Via Scoop.it – Student Learning through School Libraries
Research has shown that more access to books results in more reading and more reading leads to better literacy development. A new study on the impact of libraries on reading achievement by Stephen Krashen and colleagues using NAEP reading scores and PIRLS (Progress in International Reading Literacy Study) data. Three multivariate analyses, all controlling for the effects of poverty, confirm the importance of the library.
The researchers conclude:
“In all of the multivariate studies considered here the library emerges as a consistent predictor of reading scores… Of course, providing access is only the first step: Even with access, some children (but surprisingly few) will not read. The research literature consistently indicates that rewards for reading are not effective (McQuillan, 1997; Krashen, 2003; 2004), but that read-alouds and conferencing do help. But in order for these approaches to work, the books need to be there.
But what is clear is that libraries definitely matter and they matter a lot.
Inspection of the betas in the tables reveals that access to books in some cases had a larger impact on reading achievement test scores than poverty (tables 1,3, 4), and in other cases had nearly as strong an impact (tables 2,5). This suggests that providing more access to books can mitigate the effect of poverty on reading achievement, a conclusion consistent with other recent results (Achterman, 2008; Evans, Kelley, Sikora, and Treiman, 2010; Schubert and Becker, 2010). This result is of enormous practical importance: Children of poverty typically have little access to books (Krashen, 2004). It seems that libraries can provide this access.”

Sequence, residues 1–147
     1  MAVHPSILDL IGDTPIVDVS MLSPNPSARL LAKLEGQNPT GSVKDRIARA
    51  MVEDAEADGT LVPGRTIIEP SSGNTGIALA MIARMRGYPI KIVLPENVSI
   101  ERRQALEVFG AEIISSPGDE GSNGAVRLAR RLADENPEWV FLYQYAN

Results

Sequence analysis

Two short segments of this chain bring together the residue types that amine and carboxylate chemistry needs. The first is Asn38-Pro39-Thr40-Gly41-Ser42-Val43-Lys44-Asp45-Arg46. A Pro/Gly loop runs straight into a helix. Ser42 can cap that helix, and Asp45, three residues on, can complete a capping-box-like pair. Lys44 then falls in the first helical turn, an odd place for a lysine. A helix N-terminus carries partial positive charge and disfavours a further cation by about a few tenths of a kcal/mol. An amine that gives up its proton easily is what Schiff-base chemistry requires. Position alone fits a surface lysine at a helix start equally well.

Here’s the link to a copy of the pdf version of this research paper Is The Library Important? Multivariate Studies at the National and International Level.
You might also want to keep an eye on Jeff McQuillan’s new blog The Backseat Linguist. Jeff is a former university professor of applied linguistics and education, and now a Senior Research Associate at the Center for Educational Development in Los Angeles, California.